52. These cases of torture were quickly and impartially investigated and finalized by court proceedings. In prtactice, nobody participating in torture was unjustifiably released from liability.

53. It cannot be denied that there are problems in Bulgaria regarding protection against torture. Various legislative, administrative, legal and organizational measures are undertaken to overcome them. An important contribution is made by the numerous Bulgarian and foreign non-governmental human rights organizations. Their inquiries, findings and recommendations are taken into consideration by the Bulgarian authorities in their efforts to improve the situation.

Article 13

54. Article 45 of the Constitution of the Republic of Bulgaria expressly stipulates the right of citizens to lodge complaints with the State authorities. This right and the guarantees for its exercise have been further developed in the laws and by-laws.

55. Whenever a person alleges that he or she has been subjected to torture representing a crime in the sense of the Convention, he or she can communicate that circumstance to investigative, Prosecutor's or police bodies. If the information provided in the application is sufficient according to article 186 of the Penal Procedure Code, preliminary proceedings are instituted against the indicated perpetrator and the penal procedure takes its course. Otherwise, when there are no sufficient data for institution of preliminary proceedings and no urgent investigative actions are necessary, the respective units of the Ministry of the Interior and other administrative bodies conduct a preliminary inspection within the shortest possible time and notify the Prosecutor's Office thereof (article 191 of the Penal Procedure Code).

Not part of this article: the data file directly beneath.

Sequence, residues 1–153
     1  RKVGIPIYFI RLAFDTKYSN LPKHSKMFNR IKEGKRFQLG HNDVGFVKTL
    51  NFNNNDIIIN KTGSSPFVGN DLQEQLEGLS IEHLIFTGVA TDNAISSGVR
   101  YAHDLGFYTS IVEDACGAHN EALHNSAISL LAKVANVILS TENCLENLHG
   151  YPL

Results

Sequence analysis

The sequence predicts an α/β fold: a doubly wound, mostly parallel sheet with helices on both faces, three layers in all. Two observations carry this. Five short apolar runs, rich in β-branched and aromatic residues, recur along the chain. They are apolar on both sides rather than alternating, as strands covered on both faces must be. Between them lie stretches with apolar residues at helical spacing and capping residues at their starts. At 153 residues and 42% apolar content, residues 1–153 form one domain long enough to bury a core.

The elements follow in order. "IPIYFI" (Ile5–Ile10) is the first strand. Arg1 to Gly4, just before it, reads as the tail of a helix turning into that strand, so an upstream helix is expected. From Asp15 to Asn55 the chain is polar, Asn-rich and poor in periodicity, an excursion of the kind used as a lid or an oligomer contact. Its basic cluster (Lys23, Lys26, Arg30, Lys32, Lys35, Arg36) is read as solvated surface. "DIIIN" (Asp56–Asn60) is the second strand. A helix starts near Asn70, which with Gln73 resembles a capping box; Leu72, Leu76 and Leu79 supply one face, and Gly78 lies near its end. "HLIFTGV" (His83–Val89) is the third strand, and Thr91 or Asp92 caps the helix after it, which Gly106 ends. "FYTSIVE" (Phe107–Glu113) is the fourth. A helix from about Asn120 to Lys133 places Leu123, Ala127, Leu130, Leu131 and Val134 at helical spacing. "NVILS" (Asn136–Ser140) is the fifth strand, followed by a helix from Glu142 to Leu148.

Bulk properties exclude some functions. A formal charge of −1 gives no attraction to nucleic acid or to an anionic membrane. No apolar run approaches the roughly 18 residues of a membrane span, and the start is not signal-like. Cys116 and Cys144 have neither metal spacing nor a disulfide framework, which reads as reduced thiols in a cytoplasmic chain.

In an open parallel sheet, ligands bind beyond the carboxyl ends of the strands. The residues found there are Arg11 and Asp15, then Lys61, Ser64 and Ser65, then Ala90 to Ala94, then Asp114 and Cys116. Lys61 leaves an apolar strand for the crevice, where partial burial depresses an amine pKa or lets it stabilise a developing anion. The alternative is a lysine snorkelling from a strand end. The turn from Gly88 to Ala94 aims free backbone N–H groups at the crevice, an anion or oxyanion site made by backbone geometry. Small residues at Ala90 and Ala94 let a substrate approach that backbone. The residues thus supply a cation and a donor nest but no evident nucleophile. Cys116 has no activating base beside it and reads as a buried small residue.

56. Besides the national regulations concerning the right to complaints in general and with reference to article 13 of the Convention, there are special international legal possibilities for the persons alleging that they were subjected to torture or other forms of cruel and degrading treatment. Among them, the most important is the possibility under the European Convention on Human Rights, to which Bulgaria is a party. Pursuant to article 25 of this Convention, each person alleging that he or she is a victim of a human rights violation, including torture, inhuman or degrading treatment and punishment, may address his complaints to the European Commission on Human Rights and expect the European Court of Human Rights to act on them. The right to individual complaints under article 25 of the European Convention is widely publicized in various publications and commentaries explaining, in detail, who may lodge a complaint, how and when, and what is the further procedure.

57. The Republic of Bulgaria has undertaken a commitment not to interfere with the exercise of that right. On the other hand, any person who has filed a complaint with the European Court is protected against intimidation in accordance with the general procedure.

Article 14

58. In accordance with article 14 of the Convention, the Republic of Bulgaria, as a party to the Convention, has ensured the right of victims of torture to be indemnified in a fair and adequate way, including means for their fullest possible rehabilitation. Many normative acts, including laws, resolutions of the National Assembly, ordinances, etc. were adopted during the period under review. They provided the legal grounds for undertaking considerable actions for a practical solution of these questions in each specific case.